Music

Room and Cord

Christian Fennesz performing in Santiago de Chile, December 12, 2018. Photo: Ottavio Berbakow.

There are few sumptuous descriptors that have not already been deployed to describe the sui generis music of Austrian composer Christian Fennesz: Equinoctial. Thalassic. Amniotic. His previous albums Endless Summer (2001), Venice (2004), and Bécs (2014) were duly iconoclastic experiments, marrying honeyed, guitar-based melodies and snippets of field recordings with tesseral permutations of post-techno algorithms. Along the way, Fennesz has become a lodestar of left-field pop, counting among his collaborators Ryuichi Sakamoto, David Sylvian, Peter Rehberg, and Keith Rowe. The sprawling four tracks on his new album Agora (2019) were recorded with headphones in his apartment when the musician was forced out of his longtime studio. Below, Erik Morse talks with Fennesz about his domestic working methods, elastic perceptions of the guitar, and the fraught label of “pop composer.”

ERIK MORSE: How was the process of recording in your home different from how you had traditionally worked in the studio?

CHRISTIAN FENNESZ: Recording at home was only difficult for a few days. I had home-recording experiences in the ’90s and early aughts. Endless Summer was recorded in a bedroom and in a hotel room in Manhattan. It’s not easy, but it is possible. Of course, I couldn’t use guitar amps and microphones. So, it basically all went straight to computer/tape.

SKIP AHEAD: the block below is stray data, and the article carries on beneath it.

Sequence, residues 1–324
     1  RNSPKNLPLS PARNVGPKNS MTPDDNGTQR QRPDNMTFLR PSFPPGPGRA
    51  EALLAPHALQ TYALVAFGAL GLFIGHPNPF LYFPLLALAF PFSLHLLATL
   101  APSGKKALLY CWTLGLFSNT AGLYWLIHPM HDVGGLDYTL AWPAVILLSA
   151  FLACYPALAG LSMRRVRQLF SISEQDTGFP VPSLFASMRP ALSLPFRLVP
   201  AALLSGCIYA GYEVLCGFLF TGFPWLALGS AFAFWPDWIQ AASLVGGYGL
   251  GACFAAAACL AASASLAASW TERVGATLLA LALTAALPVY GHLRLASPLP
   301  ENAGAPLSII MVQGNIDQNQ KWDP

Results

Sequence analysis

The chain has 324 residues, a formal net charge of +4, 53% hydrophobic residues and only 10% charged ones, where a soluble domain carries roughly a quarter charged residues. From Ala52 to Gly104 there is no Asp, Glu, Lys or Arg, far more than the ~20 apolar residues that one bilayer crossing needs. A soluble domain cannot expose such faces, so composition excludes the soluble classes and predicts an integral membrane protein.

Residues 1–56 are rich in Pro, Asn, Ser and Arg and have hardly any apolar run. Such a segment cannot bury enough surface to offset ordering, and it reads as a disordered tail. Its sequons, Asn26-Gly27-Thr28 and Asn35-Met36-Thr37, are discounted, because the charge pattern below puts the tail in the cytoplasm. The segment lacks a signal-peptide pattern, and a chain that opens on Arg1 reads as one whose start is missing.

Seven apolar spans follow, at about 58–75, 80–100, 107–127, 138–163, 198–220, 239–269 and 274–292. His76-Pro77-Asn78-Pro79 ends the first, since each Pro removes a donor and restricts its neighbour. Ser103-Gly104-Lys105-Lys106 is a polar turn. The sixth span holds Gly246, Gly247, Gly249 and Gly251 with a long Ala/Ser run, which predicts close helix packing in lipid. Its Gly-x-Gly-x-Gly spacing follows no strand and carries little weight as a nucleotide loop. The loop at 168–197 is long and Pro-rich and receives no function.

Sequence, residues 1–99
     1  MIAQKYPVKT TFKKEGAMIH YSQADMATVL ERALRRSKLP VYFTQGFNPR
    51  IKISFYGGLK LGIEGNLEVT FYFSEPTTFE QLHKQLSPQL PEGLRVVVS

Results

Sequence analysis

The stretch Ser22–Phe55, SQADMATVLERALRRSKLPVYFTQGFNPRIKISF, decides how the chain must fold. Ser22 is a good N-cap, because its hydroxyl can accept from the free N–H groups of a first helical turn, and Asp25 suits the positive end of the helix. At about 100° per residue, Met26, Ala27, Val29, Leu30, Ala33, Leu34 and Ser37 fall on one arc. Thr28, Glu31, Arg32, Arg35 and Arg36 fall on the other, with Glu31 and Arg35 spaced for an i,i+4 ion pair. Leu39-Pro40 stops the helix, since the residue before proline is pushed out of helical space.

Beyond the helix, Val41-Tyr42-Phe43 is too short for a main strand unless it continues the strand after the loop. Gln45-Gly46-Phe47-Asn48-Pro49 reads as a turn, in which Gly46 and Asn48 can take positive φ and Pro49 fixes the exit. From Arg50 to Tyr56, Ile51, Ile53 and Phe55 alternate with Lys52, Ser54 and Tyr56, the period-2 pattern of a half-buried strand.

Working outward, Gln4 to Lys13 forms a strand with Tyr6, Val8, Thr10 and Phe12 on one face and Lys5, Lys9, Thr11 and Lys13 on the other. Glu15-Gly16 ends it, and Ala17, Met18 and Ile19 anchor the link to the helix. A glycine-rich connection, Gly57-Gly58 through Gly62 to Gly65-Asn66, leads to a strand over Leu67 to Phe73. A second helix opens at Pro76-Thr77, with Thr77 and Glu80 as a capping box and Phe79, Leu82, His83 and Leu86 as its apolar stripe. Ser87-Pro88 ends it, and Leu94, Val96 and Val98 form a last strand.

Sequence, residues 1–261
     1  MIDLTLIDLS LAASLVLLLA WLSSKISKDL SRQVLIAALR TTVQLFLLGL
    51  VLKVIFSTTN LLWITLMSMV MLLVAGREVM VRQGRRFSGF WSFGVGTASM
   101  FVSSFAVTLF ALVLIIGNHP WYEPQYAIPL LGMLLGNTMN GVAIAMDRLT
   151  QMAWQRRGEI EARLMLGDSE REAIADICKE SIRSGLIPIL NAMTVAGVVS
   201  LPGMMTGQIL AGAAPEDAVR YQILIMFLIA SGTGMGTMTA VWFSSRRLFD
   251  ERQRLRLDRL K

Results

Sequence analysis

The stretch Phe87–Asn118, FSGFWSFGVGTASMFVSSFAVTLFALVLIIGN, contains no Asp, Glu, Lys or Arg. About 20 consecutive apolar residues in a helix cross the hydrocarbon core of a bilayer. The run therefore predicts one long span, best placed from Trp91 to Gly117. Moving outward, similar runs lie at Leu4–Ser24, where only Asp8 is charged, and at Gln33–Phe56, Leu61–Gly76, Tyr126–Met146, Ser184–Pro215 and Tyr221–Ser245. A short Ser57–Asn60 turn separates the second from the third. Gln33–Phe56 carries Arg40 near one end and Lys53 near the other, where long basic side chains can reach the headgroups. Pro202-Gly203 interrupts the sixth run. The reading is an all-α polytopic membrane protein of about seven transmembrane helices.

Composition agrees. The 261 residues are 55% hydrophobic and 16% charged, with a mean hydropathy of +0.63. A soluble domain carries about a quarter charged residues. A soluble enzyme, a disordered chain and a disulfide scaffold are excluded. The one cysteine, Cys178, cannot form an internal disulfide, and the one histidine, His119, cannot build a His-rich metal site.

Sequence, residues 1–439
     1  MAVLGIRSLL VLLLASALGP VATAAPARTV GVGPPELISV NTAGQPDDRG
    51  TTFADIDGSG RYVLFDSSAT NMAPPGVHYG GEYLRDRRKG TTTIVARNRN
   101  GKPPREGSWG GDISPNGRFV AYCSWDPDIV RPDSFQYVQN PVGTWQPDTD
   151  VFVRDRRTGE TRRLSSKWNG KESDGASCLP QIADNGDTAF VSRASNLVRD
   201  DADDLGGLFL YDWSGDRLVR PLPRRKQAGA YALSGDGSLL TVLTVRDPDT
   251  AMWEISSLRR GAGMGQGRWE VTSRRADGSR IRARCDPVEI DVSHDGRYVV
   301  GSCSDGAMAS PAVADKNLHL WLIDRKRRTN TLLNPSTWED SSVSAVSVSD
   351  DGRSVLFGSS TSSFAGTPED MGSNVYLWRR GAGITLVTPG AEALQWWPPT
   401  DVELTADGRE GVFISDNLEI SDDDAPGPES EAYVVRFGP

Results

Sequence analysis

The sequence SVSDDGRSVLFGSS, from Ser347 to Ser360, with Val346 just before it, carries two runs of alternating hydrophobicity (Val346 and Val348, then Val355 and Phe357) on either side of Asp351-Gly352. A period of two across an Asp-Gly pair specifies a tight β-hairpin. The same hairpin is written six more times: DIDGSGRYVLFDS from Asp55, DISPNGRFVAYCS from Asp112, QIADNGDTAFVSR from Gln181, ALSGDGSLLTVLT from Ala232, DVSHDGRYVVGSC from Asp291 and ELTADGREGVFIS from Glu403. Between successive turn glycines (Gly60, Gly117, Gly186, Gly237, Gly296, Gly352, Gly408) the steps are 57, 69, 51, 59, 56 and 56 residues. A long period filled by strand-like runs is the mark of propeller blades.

EM: Does composing with analog instruments plugged straight into a computer present a different set of rules or different expectations than playing through amplification and into the ether of a studio space?

CF: Actually, it’s quite traditional in a way. I have a guitar and a laptop, or two or three, or an iMac, and all of my other gear. I play my guitar through an amp sometimes. Sometimes I play it directly into the computer. And I work with all of the effects that I have on the computer, all the different software that I have. It’s a network of things. Guitar, laptops, effects pedals­—that’s it. It’s quite simple, simpler than people imagine, actually.

EM: Is there any difference for you between working in a studio and working in a spare bedroom?

CF: There is a difference, of course. I had this great studio room for many, many years. I could play there until five o’clock in the morning really loudly. I could mix like that, fantastically. The situation I have now is very different. I had to go back to headphones. That was very frustrating in the beginning. But, in the end, it was also a challenge.

EM: How long did it take to record Agora? Was it vastly different than the timelines for your other albums? 

CF: Not really. With every album, I’m thinking about the album for one or two years. The actual recording procedure doesn’t take more than three or four weeks. But it’s the thinking process that’s the important thing.

Fennesz, “Agora,” 2019.

EM: There is a long, dark history of albums recorded in hotels, from Robert Johnson to Nick Drake. So, it’s fascinating that Endless Summer, which is an album that continues to have a mythic stature, also has this very mythic origin.